Pennsylvania’s culturally relevant and sustaining education guidelines causing controversy


PITTSBURGH (KDKA) -- A controversial regulation for school districts enacted in the last days of the Wolf administration is generating lawsuits today. 

Last November under Gov. Tom Wolf, the state's education department issued a new regulation to train public school teachers on something called culturally relevant and sustaining education or CRSE, but critics like state Rep. Aaron Bernstine said, "This is an example of bureaucrats overstepping their bounds. They're putting regulations on educators in which they are basically forcing the teaching of critical race theory."

Bernstine, who says some educators have swapped out names for CRT, supports passage of Senate Bill 853 to repeal the regulation. In the meantime, some school districts including Mars Area and Laurel have sued to halt CRSE.   

The guidelines for CRSE address nine teacher competencies, like encouraging educators to reflect on their cultural lenses, address bias in their school systems, establish high expectations for students and educate themselves about microaggressions and their impact. 

"Culturally relevant and sustaining education is really all about making sure that our teachers are equipped to be welcoming and inclusive of all the different types of students that they're going to interact with on a day-to-day basis," said former state Education Secretary Eric Hagarty. 

Hagarty says CRSE has nothing to do with curriculum -- it's all about training teachers.  

"In my view, CRSE is indoctrination over education. In my view, CRSE does not encourage students how to think but tells students what to think," said Laurel Superintendent Leonard Rich. 

Rich says CRSE assumes all educators and school districts are inherently biased, racist or culturally unaware and seeks to impose one view of history and social issues instead of critical thinking open to all views.

"What we are doing at the secondary level and also at the post-secondary level is we are indoctrinating thought that there is only one side to the issue when it comes to any of the crises, the social crises that the public is facing," Rich said.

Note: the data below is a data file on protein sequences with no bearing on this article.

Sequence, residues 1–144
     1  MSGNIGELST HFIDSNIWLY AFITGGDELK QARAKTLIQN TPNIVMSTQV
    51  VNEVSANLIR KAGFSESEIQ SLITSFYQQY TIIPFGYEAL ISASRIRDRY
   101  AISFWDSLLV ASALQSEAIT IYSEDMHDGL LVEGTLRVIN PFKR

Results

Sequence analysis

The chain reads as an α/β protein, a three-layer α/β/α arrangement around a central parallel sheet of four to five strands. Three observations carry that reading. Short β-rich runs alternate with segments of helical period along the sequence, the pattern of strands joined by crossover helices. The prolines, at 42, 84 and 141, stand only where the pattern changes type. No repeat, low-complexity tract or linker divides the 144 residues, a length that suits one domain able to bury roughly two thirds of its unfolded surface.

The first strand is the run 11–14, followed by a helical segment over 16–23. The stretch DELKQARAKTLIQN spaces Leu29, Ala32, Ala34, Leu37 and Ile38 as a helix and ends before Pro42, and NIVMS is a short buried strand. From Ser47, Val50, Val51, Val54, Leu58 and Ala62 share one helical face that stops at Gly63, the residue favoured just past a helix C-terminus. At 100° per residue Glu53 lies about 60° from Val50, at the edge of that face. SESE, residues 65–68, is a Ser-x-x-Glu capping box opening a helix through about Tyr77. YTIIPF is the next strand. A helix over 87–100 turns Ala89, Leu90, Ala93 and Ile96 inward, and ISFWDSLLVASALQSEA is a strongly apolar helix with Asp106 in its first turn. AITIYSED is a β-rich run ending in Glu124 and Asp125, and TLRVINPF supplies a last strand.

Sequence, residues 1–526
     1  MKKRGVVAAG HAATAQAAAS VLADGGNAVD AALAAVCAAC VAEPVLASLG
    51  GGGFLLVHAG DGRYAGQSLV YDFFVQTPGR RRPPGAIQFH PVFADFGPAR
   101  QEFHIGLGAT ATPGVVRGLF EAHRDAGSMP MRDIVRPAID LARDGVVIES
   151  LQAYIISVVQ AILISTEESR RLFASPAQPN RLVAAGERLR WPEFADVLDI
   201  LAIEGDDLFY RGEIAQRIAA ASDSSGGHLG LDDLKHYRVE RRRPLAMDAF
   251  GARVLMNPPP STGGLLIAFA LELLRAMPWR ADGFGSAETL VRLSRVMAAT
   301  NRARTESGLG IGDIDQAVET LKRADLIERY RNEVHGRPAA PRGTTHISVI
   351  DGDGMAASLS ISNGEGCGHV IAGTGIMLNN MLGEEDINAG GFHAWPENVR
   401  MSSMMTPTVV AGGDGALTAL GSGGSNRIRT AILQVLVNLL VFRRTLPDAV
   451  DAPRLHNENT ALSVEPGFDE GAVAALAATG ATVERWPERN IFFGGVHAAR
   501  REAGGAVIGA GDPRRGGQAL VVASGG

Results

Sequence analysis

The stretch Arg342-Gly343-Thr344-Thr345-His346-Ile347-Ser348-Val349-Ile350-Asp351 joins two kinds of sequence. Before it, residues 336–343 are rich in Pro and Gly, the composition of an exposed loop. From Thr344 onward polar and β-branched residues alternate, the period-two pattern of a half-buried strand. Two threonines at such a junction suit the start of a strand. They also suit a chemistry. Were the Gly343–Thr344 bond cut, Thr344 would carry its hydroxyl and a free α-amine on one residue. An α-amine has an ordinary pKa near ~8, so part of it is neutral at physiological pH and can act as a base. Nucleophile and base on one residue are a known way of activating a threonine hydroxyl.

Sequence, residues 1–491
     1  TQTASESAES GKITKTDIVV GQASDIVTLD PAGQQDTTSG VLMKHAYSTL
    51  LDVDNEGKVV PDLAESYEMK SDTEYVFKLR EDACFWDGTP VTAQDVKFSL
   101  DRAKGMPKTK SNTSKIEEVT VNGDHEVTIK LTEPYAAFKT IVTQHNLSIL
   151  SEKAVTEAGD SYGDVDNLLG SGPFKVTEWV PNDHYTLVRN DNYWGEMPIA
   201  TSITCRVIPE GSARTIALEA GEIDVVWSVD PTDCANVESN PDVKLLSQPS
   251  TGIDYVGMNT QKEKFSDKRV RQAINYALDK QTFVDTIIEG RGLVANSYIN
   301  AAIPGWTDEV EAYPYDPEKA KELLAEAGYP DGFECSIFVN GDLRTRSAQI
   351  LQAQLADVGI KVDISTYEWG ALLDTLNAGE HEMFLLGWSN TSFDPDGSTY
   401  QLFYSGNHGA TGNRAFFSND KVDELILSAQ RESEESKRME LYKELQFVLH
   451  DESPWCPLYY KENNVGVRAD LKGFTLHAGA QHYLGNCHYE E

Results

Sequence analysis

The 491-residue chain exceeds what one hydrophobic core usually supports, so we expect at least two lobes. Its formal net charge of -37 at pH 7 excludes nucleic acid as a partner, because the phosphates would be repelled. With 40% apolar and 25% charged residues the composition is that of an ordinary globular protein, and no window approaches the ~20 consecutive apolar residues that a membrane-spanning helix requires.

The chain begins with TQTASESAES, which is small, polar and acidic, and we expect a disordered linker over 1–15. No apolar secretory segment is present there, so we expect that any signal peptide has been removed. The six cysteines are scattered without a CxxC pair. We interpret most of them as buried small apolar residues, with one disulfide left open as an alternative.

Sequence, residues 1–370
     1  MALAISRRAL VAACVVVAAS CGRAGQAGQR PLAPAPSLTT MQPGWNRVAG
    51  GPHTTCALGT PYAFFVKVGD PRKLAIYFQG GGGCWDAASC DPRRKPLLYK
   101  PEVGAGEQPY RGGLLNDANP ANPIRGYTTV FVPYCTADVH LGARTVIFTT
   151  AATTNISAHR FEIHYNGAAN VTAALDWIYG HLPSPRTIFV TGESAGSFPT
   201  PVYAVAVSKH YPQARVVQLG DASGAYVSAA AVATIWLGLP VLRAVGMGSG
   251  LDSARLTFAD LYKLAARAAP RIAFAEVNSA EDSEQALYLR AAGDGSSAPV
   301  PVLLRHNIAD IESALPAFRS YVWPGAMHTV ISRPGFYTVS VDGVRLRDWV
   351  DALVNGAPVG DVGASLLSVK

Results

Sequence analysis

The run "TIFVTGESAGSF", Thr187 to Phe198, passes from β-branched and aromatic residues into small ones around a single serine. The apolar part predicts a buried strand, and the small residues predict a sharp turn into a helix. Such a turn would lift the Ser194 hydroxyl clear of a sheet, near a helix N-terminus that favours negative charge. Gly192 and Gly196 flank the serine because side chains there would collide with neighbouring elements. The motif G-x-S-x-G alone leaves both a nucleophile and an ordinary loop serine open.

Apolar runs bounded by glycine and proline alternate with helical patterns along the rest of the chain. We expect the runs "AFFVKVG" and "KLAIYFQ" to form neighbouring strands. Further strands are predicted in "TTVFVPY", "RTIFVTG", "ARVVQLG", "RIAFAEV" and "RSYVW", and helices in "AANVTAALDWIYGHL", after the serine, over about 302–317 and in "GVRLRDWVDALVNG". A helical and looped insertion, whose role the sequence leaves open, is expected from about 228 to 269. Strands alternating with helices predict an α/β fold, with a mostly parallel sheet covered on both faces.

Hagarty says there was no controversy drafting these regulations and regrets the controversy over the wording of some of the CRSE guidelines.  

"Education is becoming a politically polarized field these days," Hagarty said.

Hagarty agrees with the Shapiro administration's view that these guidelines are not binding, with a spokesperson saying, "The guidelines issued by the PDE are not required to be followed by school districts. They are simply guidelines. School districts are free to implement CRSE as they see best." 

The guidelines issued by the state Department of Education are not required to be followed by school districts. They are simply guidelines. School districts are free to implement CRSE as they see best.

Shaler Area School Superintendent Dr. Sean Aiken says the key is to be welcoming to all and make nobody feel guilty or less valuable than another.

"It's our goal. It's not to divide. It's not to make one person feel a level of guilt or shame or anything like that. It's really about creating an environment where all students feel accepted," Aiken said.   

Absent legislative or court action, the CRSE regulations are scheduled to take effect in the 2024-25 school year, giving school districts plenty of time this year to figure it all out.

Jon Delano is a familiar face on KDKA, having been the station's political analyst since 1994. In September 2001, Jon joined KDKA full time as the Money & Politics Editor and this region's only political analyst who covers national and local issues that affect hometown residents.

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